Sumner argues that after the initial Jacobs Royal Commission report, subsequent inquiries were kinder to Bannon’s legacy, instead focussing ire on “the bank’s board, the managing director and other people who basically didn’t do their job”.

“The fact of the matter is the Government was very, very badly let down (but) unfortunately the politician sits at the top of all this, and has to take responsibility – as John did,” he said.

“He did cop it on the chin, and he did work hard to right it as much as he could. A very substantial proportion of that loss that’s referred to was in fact recovered over time (and) all that having been done he resigned as Premier, which I guess was pretty inevitable, and we lost the election.”

John Bannon (right) with Mike Rann at the launch of the Bannon Collection at Flinders University in 2012. Photo courtesy Flinders University.

John Bannon (right) with Mike Rann at the launch of the Bannon Collection at Flinders University in 2012. Photo courtesy Flinders University.

Beyond this though, Sumner argues that “a lot of other initiatives the Government put in place across law reform, education, the environment… were all mainstream Labor social democracy initiatives that I think continued in the Dunstan tradition”.

He argues that the key project of the era, rarely cited, was in fact consolidating the submarines’ construction.

“The subs project was a big initiative that I think was pulled off in significant part because of his planning and negotiating skills,” he said.

“That’s an industrial project that’s still with us.. and hopefully will continue beyond the current period.”

If Bannon’s legacy is divisive, it is also a legacy made up of symbols, both good and bad.

The era has come to represent the financial excesses of the 1980s, and yet Bannon’s own persona exuded frugality and discipline. And if, as Sumner argues, the shadow cast by the bank’s legacy is oft-overstated, he is quick, too, to play down the spiritual high-point of the era.

“The Grand Prix was probably overestimated in terms of how important it was in the scheme of things,” he said.

“But it was definitely a plus in terms of exposure of the state from a tourist perspective.”

Sumner says the exiled Premier “was obviously personally devastated by where it ended up” with his Government’s economic legacy.

“But he didn’t just take his bat and ball and go home; he made a very, very significant post-political career.”

Indeed, his eight-year tenure as Master of St Mark’s College, his alma mater, would be seen in the context of other careers as a pinnacle, rather than a footnote.

Former Supreme Court judge Rod Matheson QC was chairman of the college council that “unanimously” appointed the former Premier in 2000.

“He was an outstanding Master,” he told InDaily.

“He was a leader in all aspects of the college community, certainly intellectually and sporting.”

Moreover, the college accounts were in surplus for each of his eight years at the helm.

Matheson says the student pass rate improved during that time from 89 to 94 per cent, and Bannon oversaw the completion and restoration of several buildings.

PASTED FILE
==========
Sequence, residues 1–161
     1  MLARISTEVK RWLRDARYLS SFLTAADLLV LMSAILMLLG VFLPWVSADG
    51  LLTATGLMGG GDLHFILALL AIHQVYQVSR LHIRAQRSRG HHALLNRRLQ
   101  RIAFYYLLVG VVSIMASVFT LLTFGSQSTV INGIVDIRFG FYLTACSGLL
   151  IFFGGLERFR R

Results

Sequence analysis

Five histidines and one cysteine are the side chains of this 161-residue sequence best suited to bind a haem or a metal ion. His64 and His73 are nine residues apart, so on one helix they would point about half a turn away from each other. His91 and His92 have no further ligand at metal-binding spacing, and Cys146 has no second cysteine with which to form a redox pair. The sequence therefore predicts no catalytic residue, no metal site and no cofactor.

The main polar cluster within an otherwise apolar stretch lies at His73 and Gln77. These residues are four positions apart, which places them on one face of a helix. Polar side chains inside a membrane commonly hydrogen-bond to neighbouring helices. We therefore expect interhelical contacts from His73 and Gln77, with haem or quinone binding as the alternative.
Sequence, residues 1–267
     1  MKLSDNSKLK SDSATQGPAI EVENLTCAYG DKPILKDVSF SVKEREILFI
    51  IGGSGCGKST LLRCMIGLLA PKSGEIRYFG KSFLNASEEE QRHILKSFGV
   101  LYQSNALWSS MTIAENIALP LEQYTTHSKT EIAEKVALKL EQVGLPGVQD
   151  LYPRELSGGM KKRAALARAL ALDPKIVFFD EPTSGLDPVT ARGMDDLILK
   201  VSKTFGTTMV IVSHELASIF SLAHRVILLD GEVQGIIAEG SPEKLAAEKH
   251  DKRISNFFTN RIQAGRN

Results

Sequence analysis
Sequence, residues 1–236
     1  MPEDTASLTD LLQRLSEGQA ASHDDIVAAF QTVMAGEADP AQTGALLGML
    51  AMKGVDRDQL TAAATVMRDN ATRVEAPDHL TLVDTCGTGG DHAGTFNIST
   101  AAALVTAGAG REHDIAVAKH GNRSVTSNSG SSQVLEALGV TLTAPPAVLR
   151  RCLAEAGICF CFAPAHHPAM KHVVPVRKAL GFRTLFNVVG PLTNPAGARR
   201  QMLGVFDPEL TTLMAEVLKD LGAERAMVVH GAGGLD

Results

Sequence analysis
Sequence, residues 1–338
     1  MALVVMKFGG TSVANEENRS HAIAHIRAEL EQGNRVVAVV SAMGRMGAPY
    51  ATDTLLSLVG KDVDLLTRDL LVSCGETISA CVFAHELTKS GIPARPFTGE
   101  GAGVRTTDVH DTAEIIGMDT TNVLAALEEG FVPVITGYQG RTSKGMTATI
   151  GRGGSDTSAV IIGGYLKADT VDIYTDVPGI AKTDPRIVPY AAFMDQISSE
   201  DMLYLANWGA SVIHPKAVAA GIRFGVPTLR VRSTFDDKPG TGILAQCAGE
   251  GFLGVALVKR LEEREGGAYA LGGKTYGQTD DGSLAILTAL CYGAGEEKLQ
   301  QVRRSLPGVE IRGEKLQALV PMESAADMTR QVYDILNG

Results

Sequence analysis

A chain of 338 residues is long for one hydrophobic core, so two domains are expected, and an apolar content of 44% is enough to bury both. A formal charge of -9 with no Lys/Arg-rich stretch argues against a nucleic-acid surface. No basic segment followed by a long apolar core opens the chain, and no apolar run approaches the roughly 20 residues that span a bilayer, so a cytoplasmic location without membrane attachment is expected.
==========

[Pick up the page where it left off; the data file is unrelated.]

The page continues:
“He had a great interest in the library, which was substantially improved during his time,” he said.

“He was very successful as a fundraiser for the college.”

The long-time marathon runner would often be seen jogging in the early mornings, accompanied by his students.

John Bannon was an outstanding marathon runner.

John Bannon was an excellent marathon runner.

“He really was a most outstanding person… I miss him greatly,” Matheson said.

The outpouring across SA and the nation today belies a relationship with Bannon’s former electorate that appeared posionous when he left office, his party politically decimated. But even his political opponents are lining up to sing his praises. His nemesis John Olsen spoke on ABC radio  of “the genuine and sincere nature of the man… a measure of the way in which he tackled the tasks in front of him, the way in which he changed and modernised Labor in SA“.

Businessman Ian Smith, who worked for one-time Liberal leader Dale Baker, told InDaily Bannon never sought to exploit his boss’s own travails for political gain, and carried himself through his last days in office with “extraordinary balance, almost a nobleness”.

As a cheeky young Liberal staffer, when the first Jacobs Royal Commission report was published, Smith took it down to Bannon’s parliamentary office and asked him to sign it.

Bannon obliged, wryly praising the excoriating tome as “superbly expressed”.

As Turnbull said today, Bannon led his state through its toughest times, but continued to make a contribution to public service, as someone that despite his political demons “was loved, admired and well-respected by all who worked with him”.

But, of course, his family will miss him most of all, those who held him up after his political fall, and ran alongside him in the most gruelling marathon of all.

“For his family, he will always be cherished as a husband, a brother, a father, a grandfather and dear friend,” their statement reads.

“We will miss his wise and witty stories, songs and poetry readings at family gatherings, especially at this time of year… The outpouring of love and support from friends and acquaintances has been an incredible source of strength and made this difficult time easier to bear.”